Concert review: New Year’s Eve Philharmonic show a spirited annual fixture

The Philharmonic Orchestra's New Year's Eve concert featured tunes such as George Gershwin’s Rhapsody In Blue and Nikolai Rimsky-Korsakov’s festive Capriccio Espagnol. PHOTO: ANDREW BI

A Philharmonic New Year’s Eve 2024 Gala Concert

The Philharmonic Orchestra
Victoria Concert Hall
Dec 31, 10pm

Tradition. That was what The Philharmonic Orchestra had in mind for the 12th edition of its well-subscribed New Year’s Eve Concert, an annual fixture much in the spirit of the Vienna Philharmonic’s New Year’s Day Concert.

The concert conducted by Lin Juan was attended by a very well-dressed audience intent on some serious partying.

Very appropriately, it opened with the sparkling Overture to The Merry Wives Of Windsor by Otto Nicolai, one of the founders of that august Viennese orchestra.

In its first bars, the lovely sonority crafted by low strings (cellos and basses) set the mood for the champagne to pop and flow in this comedic number.

Following that was the unusual choice of Edvard Grieg’s Norwegian Dance No. 4, which is less well-known than Dance No. 2. It, however, had the advantage of being a far more vibrant and energetic piece.

The evening’s highlight was George Gershwin’s Rhapsody In Blue, with young pianist Jonathan Shin doing the honours. Although many were pretty tickled by the solo clarinettist’s opening glissando and the muted trumpet’s wah-wah effects, it was Shin’s no-holds-barred reading that impressed most.

He took all kinds of risks by altering the piano part as he pleased, culminating in an extended improvisation just before the famous Blues segment.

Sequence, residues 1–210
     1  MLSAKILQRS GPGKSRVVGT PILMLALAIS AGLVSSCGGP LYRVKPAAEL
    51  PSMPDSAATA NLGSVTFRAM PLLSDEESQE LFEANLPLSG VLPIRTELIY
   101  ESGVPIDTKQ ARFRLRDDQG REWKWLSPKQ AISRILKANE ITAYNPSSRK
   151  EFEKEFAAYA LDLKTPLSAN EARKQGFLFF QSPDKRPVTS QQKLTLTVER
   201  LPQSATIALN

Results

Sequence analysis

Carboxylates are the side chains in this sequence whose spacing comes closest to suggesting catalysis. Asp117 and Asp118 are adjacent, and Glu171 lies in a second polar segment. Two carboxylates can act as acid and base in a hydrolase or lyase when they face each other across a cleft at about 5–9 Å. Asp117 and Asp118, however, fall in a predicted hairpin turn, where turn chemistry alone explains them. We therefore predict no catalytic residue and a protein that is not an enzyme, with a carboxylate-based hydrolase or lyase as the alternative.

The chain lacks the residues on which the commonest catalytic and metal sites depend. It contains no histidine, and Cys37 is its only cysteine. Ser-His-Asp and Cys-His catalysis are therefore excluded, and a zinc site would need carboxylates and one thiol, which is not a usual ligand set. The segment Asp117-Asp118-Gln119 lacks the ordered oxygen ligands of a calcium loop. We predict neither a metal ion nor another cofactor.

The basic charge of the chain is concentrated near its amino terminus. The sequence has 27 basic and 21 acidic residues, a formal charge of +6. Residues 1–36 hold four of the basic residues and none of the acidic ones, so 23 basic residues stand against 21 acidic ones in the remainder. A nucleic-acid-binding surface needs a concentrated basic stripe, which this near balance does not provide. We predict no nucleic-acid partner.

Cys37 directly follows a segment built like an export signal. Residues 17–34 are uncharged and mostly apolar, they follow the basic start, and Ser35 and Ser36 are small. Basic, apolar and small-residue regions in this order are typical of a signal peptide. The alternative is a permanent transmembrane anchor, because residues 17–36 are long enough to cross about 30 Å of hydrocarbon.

Eschewing the flashy upward arpeggio sweep and downward octave cascade, he opted instead to slyly quote Auld Lang Syne, which was a nice touch.

It was back to Vienna in the concert’s second half, when Johann Strauss Junior’s Hungarian-flavoured Overture to Zigeunerbaron (The Gypsy Baron) held sway. The music’s rough-hewn rusticity was well-contrasted by the pristine stateliness of Maurice Ravel’s Pavane For The Dead Princess.

For once, the orchestra broke from tradition by not trotting out a memorial of notable names lost to the world in 2023. Instead, the audience was left to reflect on a turbulent year.

While some might remember singer Tina Turner, actor Matthew Perry or composer Ryuichi Sakamoto, this reviewer chose to remember those who had significantly contributed to Singapore’s music scene: guitarist Alex Abisheganaden, pianist Dennis Lee and violist Jiri Heger.

It was close to midnight when Nikolai Rimsky-Korsakov’s festive Capriccio Espagnol ended the concert on a rousing high.

Perhaps the concluding work was not played fast enough, as there was a stream of concertgoers rushing out of the hall to catch the pyrotechnics by the bay even before the concert’s obligatory balloon drop.

Kiasu Singaporeans rule again, and one guesses it will not be too different for 2024.

That is tradition for you, Singapore style.

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